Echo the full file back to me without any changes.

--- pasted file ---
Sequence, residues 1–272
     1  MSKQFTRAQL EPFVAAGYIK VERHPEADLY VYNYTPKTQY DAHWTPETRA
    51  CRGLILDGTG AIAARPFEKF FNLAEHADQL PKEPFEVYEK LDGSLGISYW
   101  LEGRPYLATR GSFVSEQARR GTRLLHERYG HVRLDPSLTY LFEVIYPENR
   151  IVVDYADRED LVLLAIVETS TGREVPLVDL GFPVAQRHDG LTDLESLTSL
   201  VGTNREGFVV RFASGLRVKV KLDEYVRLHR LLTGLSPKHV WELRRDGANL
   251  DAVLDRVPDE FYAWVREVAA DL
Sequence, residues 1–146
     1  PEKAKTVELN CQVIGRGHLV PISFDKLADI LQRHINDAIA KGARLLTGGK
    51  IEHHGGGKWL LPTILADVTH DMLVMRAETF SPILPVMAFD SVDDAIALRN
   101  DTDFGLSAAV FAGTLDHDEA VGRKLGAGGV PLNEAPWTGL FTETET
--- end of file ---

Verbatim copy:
Sequence, residues 1–272
     1  MSKQFTRAQL EPFVAAGYIK VERHPEADLY VYNYTPKTQY DAHWTPETRA
    51  CRGLILDGTG AIAARPFEKF FNLAEHADQL PKEPFEVYEK LDGSLGISYW
   101  LEGRPYLATR GSFVSEQARR GTRLLHERYG HVRLDPSLTY LFEVIYPENR
   151  IVVDYADRED LVLLAIVETS TGREVPLVDL GFPVAQRHDG LTDLESLTSL
   201  VGTNREGFVV RFASGLRVKV KLDEYVRLHR LLTGLSPKHV WELRRDGANL
   251  DAVLDRVPDE FYAWVREVAA DL
Sequence, residues 1–146
     1  PEKAKTVELN CQVIGRGHLV PISFDKLADI LQRHINDAIA KGARLLTGGK
    51  IEHHGGGKWL LPTILADVTH DMLVMRAETF SPILPVMAFD SVDDAIALRN
   101  DTDFGLSAAV FAGTLDHDEA VGRKLGAGGV PLNEAPWTGL FTETET